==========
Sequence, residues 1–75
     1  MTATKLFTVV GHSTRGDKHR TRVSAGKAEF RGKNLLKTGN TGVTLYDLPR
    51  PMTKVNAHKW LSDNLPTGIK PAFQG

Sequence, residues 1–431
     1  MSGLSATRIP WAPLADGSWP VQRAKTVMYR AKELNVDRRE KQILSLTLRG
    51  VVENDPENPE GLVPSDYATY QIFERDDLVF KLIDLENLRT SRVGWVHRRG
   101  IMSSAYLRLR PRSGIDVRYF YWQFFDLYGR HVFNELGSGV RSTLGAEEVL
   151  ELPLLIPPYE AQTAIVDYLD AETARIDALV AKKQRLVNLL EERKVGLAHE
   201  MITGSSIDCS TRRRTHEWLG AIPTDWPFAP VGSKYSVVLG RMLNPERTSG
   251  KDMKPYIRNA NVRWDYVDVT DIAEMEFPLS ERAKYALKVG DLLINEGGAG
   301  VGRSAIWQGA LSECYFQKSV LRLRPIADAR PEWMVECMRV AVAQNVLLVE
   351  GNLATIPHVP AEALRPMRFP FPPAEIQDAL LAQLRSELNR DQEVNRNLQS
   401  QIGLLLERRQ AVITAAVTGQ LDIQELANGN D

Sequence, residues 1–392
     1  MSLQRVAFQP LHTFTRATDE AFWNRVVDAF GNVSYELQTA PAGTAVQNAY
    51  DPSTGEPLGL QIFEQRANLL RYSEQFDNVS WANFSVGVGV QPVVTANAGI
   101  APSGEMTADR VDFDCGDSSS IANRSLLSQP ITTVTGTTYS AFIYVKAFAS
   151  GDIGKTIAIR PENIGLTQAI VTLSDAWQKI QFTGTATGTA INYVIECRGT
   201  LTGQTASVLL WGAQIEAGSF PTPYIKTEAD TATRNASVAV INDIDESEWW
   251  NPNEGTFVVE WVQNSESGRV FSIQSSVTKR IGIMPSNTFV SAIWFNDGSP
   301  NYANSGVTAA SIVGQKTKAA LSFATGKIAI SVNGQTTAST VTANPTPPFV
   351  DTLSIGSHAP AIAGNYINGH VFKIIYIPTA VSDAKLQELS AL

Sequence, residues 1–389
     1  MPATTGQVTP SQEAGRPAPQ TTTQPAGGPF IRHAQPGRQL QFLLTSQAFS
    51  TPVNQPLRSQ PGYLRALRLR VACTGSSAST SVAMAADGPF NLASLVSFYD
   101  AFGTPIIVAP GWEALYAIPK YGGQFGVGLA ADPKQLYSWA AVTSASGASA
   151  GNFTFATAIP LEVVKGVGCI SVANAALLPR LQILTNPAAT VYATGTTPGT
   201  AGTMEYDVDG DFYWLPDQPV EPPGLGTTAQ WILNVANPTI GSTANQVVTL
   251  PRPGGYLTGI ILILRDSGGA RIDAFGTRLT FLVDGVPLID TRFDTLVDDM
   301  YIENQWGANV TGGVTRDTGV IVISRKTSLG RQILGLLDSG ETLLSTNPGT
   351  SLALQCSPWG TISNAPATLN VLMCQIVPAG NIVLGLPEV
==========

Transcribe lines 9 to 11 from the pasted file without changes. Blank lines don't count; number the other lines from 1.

   201  MITGSSIDCS TRRRTHEWLG AIPTDWPFAP VGSKYSVVLG RMLNPERTSG
   251  KDMKPYIRNA NVRWDYVDVT DIAEMEFPLS ERAKYALKVG DLLINEGGAG
   301  VGRSAIWQGA LSECYFQKSV LRLRPIADAR PEWMVECMRV AVAQNVLLVE